At which point all validations during that turn are available for reward collection.

5. Any incorrect validations will be marked during the turn in between.

### Archiver behavior#

ledger data, they have to rely on other validators and archivers for information.

Any given validator may or may not be malicious and give incorrect information, although

there are not any obvious attack vectors that this could accomplish besides having the

archiver do extra wasted work. For many of the operations there are a number of options

depending on how paranoid an archiver is:

• (a) archiver can ask a validator

• (b) archiver can ask multiple validators

• (c) archiver can ask other archivers

• (d) archiver can subscribe to the full transaction stream and generate

the information itself (assuming the slot is recent enough)

• (e) archiver can subscribe to an abbreviated transaction stream to

generate the information itself (assuming the slot is recent enough)

2. An archiver obtains the PoH hash corresponding to the last turn with its slot.

3. The archiver signs the PoH hash with its keypair. That signature is the

seed used to pick the segment to replicate and also the encryption key. The

archiver mods the signature with the slot to get which segment to

replicate.

4. The archiver retrives the ledger by asking peer validators and

archivers. See 6.5.

5. The archiver then encrypts that segment with the key with chacha algorithm

in CBC mode with NUM_CHACHA_ROUNDS of encryption.

6. The archiver initializes a chacha rng with the a signed recent PoH value as

the seed.

7. The archiver generates NUM_STORAGE_SAMPLES samples in the range of the

entry size and samples the encrypted segment with sha256 for 32-bytes at each

offset value. Sampling the state should be faster than generating the encrypted

segment.

8. The archiver sends a PoRep proof transaction which contains its sha state

at the end of the sampling operation, its seed and the samples it used to the

current leader and it is put onto the ledger.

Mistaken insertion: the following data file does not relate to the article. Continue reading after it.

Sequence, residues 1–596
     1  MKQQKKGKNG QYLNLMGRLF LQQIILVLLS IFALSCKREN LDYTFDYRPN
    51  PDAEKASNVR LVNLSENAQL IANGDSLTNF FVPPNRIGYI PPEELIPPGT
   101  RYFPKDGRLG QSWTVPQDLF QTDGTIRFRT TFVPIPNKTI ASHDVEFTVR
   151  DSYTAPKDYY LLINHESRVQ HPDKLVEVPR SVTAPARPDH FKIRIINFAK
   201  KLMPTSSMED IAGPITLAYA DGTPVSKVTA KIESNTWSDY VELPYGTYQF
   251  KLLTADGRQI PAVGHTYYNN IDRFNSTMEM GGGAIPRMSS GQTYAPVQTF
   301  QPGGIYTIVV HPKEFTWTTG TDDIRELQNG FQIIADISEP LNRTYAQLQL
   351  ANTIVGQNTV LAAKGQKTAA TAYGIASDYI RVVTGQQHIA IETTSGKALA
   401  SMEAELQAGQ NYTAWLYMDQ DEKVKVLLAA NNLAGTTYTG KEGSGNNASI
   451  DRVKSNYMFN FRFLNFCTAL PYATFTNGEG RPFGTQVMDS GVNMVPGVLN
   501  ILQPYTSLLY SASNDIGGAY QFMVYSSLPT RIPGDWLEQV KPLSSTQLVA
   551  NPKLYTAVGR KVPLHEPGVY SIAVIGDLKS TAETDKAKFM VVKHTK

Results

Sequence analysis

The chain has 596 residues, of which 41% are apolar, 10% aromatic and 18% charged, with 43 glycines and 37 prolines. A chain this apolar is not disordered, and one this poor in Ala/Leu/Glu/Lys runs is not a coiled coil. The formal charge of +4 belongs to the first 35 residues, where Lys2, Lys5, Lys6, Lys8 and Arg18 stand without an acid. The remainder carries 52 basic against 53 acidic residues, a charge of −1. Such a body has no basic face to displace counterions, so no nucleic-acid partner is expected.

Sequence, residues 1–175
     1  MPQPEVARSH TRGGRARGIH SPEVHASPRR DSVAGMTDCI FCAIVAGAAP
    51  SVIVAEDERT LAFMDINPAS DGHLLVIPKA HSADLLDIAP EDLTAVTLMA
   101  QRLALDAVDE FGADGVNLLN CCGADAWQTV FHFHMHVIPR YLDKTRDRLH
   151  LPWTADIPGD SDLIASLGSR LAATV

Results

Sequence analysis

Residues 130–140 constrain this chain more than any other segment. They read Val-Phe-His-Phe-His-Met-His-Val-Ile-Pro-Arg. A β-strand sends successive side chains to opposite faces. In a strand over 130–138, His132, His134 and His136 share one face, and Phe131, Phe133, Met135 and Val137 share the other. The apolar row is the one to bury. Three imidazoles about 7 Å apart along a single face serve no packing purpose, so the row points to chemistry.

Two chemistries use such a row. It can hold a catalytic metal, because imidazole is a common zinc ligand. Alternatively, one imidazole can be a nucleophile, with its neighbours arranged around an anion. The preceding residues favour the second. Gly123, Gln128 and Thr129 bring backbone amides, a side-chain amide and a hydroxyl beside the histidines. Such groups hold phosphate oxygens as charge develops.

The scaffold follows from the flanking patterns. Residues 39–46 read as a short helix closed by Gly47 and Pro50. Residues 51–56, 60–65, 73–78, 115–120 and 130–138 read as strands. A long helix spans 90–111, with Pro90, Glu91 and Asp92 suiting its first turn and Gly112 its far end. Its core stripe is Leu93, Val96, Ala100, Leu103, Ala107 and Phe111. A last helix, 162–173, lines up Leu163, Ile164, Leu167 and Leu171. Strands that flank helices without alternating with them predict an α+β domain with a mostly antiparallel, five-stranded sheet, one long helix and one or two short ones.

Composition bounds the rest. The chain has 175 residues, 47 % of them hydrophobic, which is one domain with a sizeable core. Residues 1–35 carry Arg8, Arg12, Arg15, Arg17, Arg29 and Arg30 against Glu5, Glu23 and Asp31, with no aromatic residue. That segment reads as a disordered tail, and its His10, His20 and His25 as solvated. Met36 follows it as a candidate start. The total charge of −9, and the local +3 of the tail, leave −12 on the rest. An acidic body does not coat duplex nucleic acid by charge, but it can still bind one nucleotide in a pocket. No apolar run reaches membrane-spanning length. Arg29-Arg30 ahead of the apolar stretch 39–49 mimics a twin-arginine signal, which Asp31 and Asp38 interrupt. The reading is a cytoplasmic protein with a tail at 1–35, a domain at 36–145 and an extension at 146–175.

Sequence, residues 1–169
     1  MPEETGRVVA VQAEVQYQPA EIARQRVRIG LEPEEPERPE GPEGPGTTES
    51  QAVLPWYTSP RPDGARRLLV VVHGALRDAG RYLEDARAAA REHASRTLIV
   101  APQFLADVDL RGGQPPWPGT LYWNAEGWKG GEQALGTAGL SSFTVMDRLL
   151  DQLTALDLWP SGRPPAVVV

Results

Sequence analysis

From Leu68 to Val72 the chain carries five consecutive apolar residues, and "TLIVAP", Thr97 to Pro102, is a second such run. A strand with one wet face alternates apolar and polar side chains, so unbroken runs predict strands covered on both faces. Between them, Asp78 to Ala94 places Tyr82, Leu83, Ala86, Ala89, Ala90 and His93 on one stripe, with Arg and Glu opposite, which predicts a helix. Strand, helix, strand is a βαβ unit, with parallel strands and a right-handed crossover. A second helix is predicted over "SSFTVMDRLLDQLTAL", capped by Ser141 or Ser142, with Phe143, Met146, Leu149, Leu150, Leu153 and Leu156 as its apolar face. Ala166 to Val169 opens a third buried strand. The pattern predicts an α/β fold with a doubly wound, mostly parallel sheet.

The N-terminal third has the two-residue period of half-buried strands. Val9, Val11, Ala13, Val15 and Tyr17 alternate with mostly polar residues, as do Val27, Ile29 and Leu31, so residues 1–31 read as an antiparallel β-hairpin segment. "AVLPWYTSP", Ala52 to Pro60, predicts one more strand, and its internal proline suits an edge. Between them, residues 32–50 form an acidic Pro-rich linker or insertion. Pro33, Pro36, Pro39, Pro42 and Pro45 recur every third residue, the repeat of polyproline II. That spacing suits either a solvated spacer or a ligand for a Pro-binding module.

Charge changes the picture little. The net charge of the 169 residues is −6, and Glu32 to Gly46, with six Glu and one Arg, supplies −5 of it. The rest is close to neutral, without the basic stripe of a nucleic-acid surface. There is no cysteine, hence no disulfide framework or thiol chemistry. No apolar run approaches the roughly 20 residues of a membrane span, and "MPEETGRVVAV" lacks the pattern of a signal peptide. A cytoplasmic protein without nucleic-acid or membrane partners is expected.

9. During a given turn the archiver should submit many proofs for the same segment

and based on the RATIO_OF_FAKE_PROOFS some of those proofs must be fake.

10. As the PoRep game enters the next turn, the archiver must submit a

transaction with the mask of which proofs were fake during the last turn. This

transaction will define the rewards for both archivers and validators.

11. Finally for a turn N, as the PoRep game enters turn N + 3, archiver's proofs for

turn N will be counted towards their rewards.

### The PoRep Game#

The Proof of Replication game has 4 primary stages. For each "turn" multiple PoRep games can be in progress but each in a different stage.

The 4 stages of the PoRep Game are as follows:

1. Proof submission stage
• Archivers: submit as many proofs as possible during this stage
• Validators: No-op
2. Proof verification stage
• Archivers: No-op
• Validators: Select archivers and verify their proofs from the previous turn
3. Proof challenge stage
• Archivers: Submit the proof mask with justifications (for fake proofs submitted 2 turns ago)
• Validators: No-op
4. Reward collection stage
• Archivers: Collect rewards for 3 turns ago
• Validators: Collect rewards for 3 turns ago

For each turn of the PoRep game, both Validators and Archivers evaluate each stage. The stages are run as separate transactions on the storage program.

### Finding who has a given block of ledger#

1. Validators monitor the turns in the PoRep game and look at the rooted bank

at turn boundaries for any proofs.

2. Validators maintain a map of ledger segments and corresponding archiver public keys.

The map is updated when a Validator processes an archiver's proofs for a segment.

The validator provides an RPC interface to access the this map. Using this API, clients

can map a segment to an archiver's network address (correlating it via cluster_info table).

The clients can then send repair requests to the archiver to retrieve segments.

3. Validators would need to invalidate this list every N turns.

## Sybil attacks#

For any random seed, we force everyone to use a signature that is derived from a PoH hash at the turn boundary. Everyone uses the same count, so the same PoH hash is signed by every participant. The signatures are then each cryptographically tied to the keypair, which prevents a leader from grinding on the resulting value for more than 1 identity.